RUNNING BACK DE’ANDRE JOHNSON
Arrival: The 5-8, 200-pounder came out of Miami (Fla.) Monsignor Pace High School with one pretty good junior season (1,121 yards) and a torn ACL. He suffered the injury two weeks into his senior season. It sent recruiters scattering. Iowa stayed strong.
Iowa assistant coach Rick Kaczenski, the Hawkeyes’ primary recruiter in Florida when Johnson signed in ’10, didn’t blink when Johnson said he tore his ACL.
“Coach Kaczenski called me the day after the injury,” Johnson said. “I told him and he said, just get back to me and let me know how you’re doing. His voice was basically the same. He said, ‘Really? That’s like a broken finger. We’ll treat it like a broken finger and let it heal.’
“He was the only coach who said that.”
Johnson, who as a junior won the Florida High School Athletics Association Class 2A shot put title with a throw of 54-10, took a redshirt his freshman season. And then last season, he saw the field. A couple of times he saw the field.
Takeoff 2012: Iowa running back was nearly 100 percent Marcus Coker in 2011. His 280 carries were 62 percent of Iowa’s total attempts. Head coach Kirk Ferentz said he wanted to get a second back a shot and take some of the load off Coker. For whatever reason, that never happened.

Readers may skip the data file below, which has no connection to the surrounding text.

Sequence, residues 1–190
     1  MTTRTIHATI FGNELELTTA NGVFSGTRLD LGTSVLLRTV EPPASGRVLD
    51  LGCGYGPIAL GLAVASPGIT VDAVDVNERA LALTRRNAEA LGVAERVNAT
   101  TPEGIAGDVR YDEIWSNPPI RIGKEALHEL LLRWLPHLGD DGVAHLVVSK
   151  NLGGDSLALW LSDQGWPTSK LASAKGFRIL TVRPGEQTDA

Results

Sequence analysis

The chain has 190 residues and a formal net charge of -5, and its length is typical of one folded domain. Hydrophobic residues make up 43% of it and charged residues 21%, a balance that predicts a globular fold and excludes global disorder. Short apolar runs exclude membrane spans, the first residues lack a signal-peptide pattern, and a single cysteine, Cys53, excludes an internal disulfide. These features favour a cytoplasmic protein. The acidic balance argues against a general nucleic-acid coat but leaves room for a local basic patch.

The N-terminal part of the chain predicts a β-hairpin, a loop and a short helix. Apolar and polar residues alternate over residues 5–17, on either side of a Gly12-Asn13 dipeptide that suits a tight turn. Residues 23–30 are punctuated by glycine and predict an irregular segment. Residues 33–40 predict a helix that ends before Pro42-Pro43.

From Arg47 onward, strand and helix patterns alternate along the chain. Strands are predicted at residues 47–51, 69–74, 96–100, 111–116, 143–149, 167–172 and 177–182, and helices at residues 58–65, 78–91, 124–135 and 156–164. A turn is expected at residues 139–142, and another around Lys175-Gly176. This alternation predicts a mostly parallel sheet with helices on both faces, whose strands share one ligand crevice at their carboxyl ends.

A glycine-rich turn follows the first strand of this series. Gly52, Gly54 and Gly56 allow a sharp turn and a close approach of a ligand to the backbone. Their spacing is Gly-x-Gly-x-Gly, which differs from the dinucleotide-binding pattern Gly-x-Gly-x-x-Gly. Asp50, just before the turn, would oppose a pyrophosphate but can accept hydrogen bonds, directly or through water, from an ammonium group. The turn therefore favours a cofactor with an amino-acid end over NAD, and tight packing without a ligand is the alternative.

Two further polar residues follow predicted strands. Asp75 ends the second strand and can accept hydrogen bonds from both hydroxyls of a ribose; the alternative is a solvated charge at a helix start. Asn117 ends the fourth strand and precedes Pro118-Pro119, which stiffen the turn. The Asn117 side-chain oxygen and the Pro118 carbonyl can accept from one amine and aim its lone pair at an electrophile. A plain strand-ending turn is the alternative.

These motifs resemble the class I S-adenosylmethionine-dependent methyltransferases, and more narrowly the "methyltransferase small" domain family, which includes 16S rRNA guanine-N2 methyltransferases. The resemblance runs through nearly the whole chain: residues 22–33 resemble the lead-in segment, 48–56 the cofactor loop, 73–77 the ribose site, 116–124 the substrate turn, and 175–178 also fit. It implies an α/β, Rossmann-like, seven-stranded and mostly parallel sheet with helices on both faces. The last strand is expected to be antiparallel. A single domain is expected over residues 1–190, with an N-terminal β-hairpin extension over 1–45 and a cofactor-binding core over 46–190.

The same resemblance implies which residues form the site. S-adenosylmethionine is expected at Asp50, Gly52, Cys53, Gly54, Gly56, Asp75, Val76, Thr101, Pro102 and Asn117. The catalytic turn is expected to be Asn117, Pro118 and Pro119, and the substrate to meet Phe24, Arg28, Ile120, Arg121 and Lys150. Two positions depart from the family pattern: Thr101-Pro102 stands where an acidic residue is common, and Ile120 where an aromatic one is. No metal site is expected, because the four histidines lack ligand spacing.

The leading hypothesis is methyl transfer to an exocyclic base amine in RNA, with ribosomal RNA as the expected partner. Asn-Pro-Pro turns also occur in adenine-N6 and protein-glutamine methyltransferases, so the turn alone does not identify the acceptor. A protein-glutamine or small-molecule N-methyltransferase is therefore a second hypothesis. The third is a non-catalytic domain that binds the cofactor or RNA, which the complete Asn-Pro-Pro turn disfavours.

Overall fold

Mika’il McCall had the job. It might’ve been interesting if he hadn’t suffered a broken ankle, took a suspension for an unspecified violation of team rules and subsequently transferred. Jordan Canzeri was a 170-something-pound true freshman. Jason White was an insurance policy. De’Andre Johnson had a cup of coffee, but didn’t seize the role.
He suffered an injury sometime in December and Canzeri got the start for the Insight Bowl.
During spring practice, Johnson was the clear No. 2. He had 15 carries for 116 yards, including a 58-yard TD run after he broke an arm tackle.
Every back on the roster, except White, was given a chance to take No. 2 carries after McCall’s injury. Johnson had a year on Canzeri and Damon Bullock, but they were at the same spot in line if not a little ahead.
Last season, Johnson was the sideline relay for running backs coach Lester Erb, who made personnel decisions from the press box. Johnson had to tell Canzeri that he was going into the game. The subtlety wasn’t lost on Johnson.
You get the feeling something is holding him back. His helmet is fully in the ring for whatever role he can carve out for himself. Never say never at Iowa running back, but the ball is in Johnson’s court as a third-year sophomore.
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